Severe weather in South Texas is a double-edged sword. It often brings us the rain we need, but can also leave behind destruction. So, when does severe weather season typically end in San Antonio?
This is a good question in which we cannot give an exact answer. But, data does give us generalized clues as to when the spring storm machine transitions into the summer heat machine. Let’s look back at the last 10 years for instance. If you compile storm reports for the Austin/San Antonio area, it shows that April was the most active month in four of those years. In the other six, it was May. March and June do bring severe weather, but often it’s far more sparse. So, it probably comes as no surprise to you that May represents the peak of severe weather, not only in San Antonio but across the state of Texas.
Now to the inexact science. In my 13 years of forecasting spring weather in San Antonio, it usually plays out like this: March brings an appetizer of storms and a few days of severe weather every year. April ramps up the activity, with fairly regular severe weather days throughout the month. That sets the table for May, which is not only our wettest month, but our most active month. Early in the month, severe weather can be fairly regular. Then, by the end of the month, as the upper flow becomes less rigorous, we start to see heavy rain events. Memorial Day floods, like in 2013 and 2015, have left an indelible mark on South Texas. Then, by the first week of June, our rain chances begin to ramp down as we head toward the summer-heat-high pattern that we’ve learned to hate. It doesn’t always work out this way, but it sure feels like it.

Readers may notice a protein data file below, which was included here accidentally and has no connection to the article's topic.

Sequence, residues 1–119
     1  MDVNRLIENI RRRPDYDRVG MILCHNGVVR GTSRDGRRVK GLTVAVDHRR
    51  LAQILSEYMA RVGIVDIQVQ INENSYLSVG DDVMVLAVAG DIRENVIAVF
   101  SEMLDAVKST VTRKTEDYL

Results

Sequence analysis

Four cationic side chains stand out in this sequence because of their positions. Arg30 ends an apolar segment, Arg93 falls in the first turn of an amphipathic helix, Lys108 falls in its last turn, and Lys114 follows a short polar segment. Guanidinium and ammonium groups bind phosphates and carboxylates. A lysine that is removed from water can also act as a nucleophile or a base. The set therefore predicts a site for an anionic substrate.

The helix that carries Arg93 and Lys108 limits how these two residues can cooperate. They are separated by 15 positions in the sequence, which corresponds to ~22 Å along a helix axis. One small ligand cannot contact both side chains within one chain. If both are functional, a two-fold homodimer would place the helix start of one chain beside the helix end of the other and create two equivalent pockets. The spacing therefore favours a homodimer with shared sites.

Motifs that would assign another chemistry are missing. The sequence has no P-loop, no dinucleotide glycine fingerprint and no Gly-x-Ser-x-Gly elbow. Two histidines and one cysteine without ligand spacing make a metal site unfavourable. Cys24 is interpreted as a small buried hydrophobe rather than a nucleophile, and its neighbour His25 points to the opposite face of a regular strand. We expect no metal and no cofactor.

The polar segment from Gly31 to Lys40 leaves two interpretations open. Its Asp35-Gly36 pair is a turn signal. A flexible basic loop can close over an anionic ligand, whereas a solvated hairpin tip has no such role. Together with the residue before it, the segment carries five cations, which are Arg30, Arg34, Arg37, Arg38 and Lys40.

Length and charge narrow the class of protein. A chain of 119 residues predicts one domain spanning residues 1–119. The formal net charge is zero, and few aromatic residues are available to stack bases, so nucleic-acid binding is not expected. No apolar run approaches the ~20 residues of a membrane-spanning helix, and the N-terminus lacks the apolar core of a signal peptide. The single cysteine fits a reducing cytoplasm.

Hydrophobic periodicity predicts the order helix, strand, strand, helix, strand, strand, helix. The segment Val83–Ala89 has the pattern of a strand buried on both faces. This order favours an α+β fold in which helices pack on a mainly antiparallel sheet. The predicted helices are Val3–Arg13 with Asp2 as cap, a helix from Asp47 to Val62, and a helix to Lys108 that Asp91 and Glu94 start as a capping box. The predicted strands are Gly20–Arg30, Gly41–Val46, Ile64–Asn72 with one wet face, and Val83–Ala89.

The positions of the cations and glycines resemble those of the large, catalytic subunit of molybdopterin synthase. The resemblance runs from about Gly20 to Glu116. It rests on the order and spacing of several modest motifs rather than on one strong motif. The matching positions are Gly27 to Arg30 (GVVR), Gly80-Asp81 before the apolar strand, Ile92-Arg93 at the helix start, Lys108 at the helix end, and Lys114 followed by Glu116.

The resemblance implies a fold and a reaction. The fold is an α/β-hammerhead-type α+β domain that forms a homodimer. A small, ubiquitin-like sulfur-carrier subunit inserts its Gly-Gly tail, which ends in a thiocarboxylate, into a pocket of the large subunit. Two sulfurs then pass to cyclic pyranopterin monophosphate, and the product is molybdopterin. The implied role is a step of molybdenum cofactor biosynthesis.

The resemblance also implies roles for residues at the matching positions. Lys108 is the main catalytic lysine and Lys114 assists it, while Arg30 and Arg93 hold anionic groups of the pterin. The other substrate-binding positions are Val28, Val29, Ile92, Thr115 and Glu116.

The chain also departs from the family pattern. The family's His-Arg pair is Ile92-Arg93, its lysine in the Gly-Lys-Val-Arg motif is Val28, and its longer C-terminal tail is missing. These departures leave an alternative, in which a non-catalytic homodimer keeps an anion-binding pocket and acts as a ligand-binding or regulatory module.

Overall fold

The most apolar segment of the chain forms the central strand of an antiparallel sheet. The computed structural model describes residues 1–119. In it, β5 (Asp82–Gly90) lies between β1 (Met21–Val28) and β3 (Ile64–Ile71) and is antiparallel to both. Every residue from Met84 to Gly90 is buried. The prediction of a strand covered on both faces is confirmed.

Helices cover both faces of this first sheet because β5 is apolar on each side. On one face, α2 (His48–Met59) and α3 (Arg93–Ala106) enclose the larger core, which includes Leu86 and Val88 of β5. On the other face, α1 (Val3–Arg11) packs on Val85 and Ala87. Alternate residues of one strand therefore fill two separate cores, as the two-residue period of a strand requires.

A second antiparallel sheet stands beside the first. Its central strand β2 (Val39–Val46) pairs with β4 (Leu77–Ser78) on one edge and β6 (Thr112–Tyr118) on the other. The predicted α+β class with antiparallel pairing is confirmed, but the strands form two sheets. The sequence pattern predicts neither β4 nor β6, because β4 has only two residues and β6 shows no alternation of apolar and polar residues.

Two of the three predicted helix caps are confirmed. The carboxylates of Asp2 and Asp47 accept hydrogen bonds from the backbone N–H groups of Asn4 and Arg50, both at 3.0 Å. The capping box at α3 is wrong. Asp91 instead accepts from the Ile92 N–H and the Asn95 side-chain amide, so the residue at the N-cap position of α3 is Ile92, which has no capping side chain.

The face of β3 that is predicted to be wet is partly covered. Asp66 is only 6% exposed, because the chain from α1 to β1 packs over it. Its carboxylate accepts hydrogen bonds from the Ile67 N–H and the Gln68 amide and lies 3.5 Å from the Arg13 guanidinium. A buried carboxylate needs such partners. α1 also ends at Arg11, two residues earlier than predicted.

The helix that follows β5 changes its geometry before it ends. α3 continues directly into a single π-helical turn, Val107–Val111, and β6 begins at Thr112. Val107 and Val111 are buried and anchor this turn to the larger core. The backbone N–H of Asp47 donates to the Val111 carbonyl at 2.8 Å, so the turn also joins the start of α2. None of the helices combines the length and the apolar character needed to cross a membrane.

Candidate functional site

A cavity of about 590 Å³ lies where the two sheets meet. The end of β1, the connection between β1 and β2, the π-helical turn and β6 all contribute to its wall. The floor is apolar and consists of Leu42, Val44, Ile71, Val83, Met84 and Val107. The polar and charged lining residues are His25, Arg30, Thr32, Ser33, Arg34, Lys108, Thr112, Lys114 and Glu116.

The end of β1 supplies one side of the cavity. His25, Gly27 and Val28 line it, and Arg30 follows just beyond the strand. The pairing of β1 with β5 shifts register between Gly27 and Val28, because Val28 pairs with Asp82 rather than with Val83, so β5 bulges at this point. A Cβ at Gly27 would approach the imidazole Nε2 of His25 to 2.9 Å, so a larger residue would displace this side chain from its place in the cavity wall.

So, all of this to say — we’re less than two weeks away from Memorial Day. The next week or so does hold some rain chances, but the odds are currently low. Could it be that last week’s rain was our Memorial Day-type event and we’re headed towards a more summer-like pattern going forward? It’s still a bit too early to know for sure. But, we are running out of time based on climatology. The risk for widespread severe weather also stays in place for at least a few more weeks, before those odds begin to fall off. We’ll keep you posted!
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